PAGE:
DATE: 1410 B.C.
The Hebrew title of this book is taken from the opening phrase Eleh ha-devarim, “These are the words…” The English title “Deuteronomy” comes from the Greek deuteronomion, meaning “second law,” or “a copy of this law” in Deuteronomy 17:18.
Deuteronomy elaborates on the responsibilities of Israel as God’s covenant people. Many of the laws contained in Exodus, Leviticus, and Numbers are repeated in Deuteronomy.
The book records the words of Moses spoken during the final months of his life in the plains of Moab prior to the nation’s entrance into the Promised Land. The people would soon be led by Joshua into a land in which they would face war, temptations, and a new way of life. These people had not personally experienced God’s deliverance at the Red Sea or the giving of the law at Sinai so Moses reminded them of God’s power and His laws.
It’s understood that the account of Moses’ death in chapter 34 could not have been written by Moses, but that does not deny the authorship of Moses for the rest of the book. It was customary to add an obituary to the final work of a great man, and it presumed that someone (perhaps Joshua) would have added the obituray to the last writings Moses.
The book may be considered to be a constitution for the nation of Israel in the land. The document begins with a preamble (1:1-5) and a historical prologue (1:6-4:49). It then offers provisions (5:1-26:19) and consequences for disobedience and blessings for faithful obedience (27:1-30:20). Finally, if closses with arrangements for continuation of the covenant (31:1-33:29).
Jesus quoted from this book to refute the devil (Matt. 4:1-11) and to summarize the law (Matt. 22:37). Of the 27 books of the New Testament, 17 books contain quotes from Deuteronomy.
Important passages in Deuteronomy include: 5:6-21 (the Ten Commandments); 6:4-9 (the Shema, “Hear, O Israel”); 13:1-5 (on false prophets); 18:9-15 (on false diviners); 29:1-30:20 (the Palestinian covenant).
OUTLINE OF DEUTERONOMY
I. Introduction, 1:1-5
II. Recapitulation of Israel’s Wanderings: Historical, 1:6-4:43
A. Israel at Sinai, 1:6-18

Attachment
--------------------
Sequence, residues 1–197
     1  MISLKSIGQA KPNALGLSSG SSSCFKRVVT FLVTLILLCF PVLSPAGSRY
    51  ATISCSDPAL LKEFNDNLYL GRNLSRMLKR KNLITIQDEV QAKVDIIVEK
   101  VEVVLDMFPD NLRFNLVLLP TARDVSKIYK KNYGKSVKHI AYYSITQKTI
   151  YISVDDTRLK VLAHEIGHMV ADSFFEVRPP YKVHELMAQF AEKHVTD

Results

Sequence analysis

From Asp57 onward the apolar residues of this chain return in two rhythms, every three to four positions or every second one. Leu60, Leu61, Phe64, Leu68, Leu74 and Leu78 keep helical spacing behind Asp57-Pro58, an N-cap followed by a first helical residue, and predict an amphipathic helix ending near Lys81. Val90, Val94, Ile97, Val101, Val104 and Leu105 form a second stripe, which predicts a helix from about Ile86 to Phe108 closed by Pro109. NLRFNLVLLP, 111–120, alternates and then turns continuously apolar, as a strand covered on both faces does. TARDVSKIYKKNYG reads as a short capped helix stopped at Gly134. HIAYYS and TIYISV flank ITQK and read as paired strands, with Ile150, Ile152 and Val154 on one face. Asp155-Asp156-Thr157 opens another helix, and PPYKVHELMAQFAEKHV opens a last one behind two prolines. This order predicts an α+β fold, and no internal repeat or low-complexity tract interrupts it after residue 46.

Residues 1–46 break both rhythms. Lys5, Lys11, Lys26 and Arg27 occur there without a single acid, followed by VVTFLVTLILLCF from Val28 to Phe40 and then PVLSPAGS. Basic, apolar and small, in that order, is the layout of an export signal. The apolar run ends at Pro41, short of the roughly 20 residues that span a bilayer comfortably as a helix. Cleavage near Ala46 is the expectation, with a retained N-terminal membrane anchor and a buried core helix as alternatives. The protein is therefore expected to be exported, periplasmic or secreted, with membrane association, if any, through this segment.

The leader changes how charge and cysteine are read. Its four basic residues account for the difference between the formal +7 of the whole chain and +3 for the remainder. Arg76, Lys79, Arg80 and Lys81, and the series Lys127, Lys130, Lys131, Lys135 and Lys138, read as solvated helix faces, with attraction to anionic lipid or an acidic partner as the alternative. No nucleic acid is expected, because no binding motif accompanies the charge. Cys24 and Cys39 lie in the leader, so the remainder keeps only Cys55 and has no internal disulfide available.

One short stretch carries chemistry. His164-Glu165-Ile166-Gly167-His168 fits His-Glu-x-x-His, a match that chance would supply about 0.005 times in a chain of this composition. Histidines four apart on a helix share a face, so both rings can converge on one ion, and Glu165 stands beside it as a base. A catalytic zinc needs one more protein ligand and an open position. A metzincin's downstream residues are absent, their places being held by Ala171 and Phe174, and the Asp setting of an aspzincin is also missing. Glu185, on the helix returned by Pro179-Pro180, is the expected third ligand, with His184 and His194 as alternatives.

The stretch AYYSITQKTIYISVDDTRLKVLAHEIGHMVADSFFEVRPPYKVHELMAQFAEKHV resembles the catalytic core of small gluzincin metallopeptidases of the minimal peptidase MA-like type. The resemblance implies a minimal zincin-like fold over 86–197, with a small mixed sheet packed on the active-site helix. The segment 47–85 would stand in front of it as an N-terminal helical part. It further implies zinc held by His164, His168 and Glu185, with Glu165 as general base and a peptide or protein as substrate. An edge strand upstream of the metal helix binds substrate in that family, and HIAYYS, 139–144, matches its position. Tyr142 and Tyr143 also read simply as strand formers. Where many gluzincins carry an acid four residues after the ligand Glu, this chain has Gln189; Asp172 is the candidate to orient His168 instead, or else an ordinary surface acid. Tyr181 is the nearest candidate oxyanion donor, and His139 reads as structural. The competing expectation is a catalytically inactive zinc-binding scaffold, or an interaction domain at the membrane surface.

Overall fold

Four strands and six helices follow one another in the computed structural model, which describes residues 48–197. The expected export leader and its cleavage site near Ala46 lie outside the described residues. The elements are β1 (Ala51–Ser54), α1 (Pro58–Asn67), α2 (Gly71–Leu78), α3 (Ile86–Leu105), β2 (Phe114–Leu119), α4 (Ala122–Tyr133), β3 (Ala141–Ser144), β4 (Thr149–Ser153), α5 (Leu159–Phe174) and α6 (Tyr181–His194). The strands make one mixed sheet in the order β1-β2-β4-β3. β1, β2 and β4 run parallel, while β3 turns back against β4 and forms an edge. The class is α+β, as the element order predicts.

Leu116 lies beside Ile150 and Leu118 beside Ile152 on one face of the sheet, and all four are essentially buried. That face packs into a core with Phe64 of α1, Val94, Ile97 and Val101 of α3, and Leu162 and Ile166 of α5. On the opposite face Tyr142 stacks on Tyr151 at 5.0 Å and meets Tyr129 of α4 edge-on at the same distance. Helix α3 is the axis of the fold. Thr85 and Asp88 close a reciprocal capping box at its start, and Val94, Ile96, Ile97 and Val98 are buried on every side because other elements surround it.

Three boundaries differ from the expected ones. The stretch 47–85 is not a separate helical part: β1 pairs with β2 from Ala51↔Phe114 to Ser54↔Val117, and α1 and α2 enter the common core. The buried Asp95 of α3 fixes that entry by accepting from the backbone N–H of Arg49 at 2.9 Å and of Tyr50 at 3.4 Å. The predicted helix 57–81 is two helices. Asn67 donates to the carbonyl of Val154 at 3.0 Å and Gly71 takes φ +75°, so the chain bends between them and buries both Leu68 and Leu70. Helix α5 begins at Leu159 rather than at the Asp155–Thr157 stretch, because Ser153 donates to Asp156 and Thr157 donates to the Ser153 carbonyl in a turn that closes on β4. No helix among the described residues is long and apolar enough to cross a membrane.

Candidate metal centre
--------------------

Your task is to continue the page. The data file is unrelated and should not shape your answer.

B. Israel at Kadesh-barnea, 1:19-46
C. Israel’s Journey from Kadesh to Moab, 2:1-3:29
1. The journey to Transjordan, 2:1-23
2. The conquest of Transjordan, 2:24-3:11
3. The allotment of Transjordan, 3:12-29
D. Israel on the Plains of Moab, 4:1-43
1. A call to obedience, 4:1-40
2. The cities of refuge, 4:41-43
III. Rehearsal of Israel’s Law: Legal, 4:44-26:19
A. Commands Concerning God, 4:44-12:32
1. The Ten Commandments, 4:44-5:33
2. The command to love the Lord, 6:1-25
3. The command to destroy the Canaanites, 7:1-26
4. The command to remember God’s past dealings, 8:1-10:11
5. The call to commitment, 10:12-11:32
6. The command concerning the central sanctuary, 12:1-32
B. Commands Concerning False Prophets, 13:1-18
C. Commands Concerning Food, 14:1-21
D. Commands Concerning Tithes, 14:22-29
E. Commands Concerning the Sabbath Year, 15:1-23
F. Commands Concerning Festivals, 16:1-17
G. Commands Concerning Leaders, 16:18-18:22
1. Judges, Deut 16:18-17:13
2. Kings, Deut 17:14-20
3. Levites, Deut 18:1-8
4. False Diviners, 18:9-14
5. Messiah, 18:15-19
6. Prophets, 18:20-22
H. Commands Concerning Human Relationships, 19:1-26:19
1. The cities of refuge, 19:1-13
2. The boundary mark, Deut 19:14
3. Witnesses, 19:15-21
4. Warfare, 20:1-20
5. Manslaughter, 21:1-9
6. Marriage and family life, 21:10-22:30
7. The assembly, 23:1-18
8. Protection for the weak, 23:19-25:19
9. First Fruits, 26:1-19
IV. Ratification of Israel’s Covenant, 27:1-30:20
A. Prerequisite Ceremonies, 27:1-26
B. Promise of Blessings, 28:1-14
C. Promise of Curses, 28:15-68
D. Provisions of the Palestinian Covenant, 29:1-30:20
V. Conclusion, 31:1-34:12
A. Charges Related to Moses, 31:1-29
B. Song of Moses, Deut 31:30-32:47
C. Testament of Moses, 32:48-33:29
D. Death of Moses, 34:1-12
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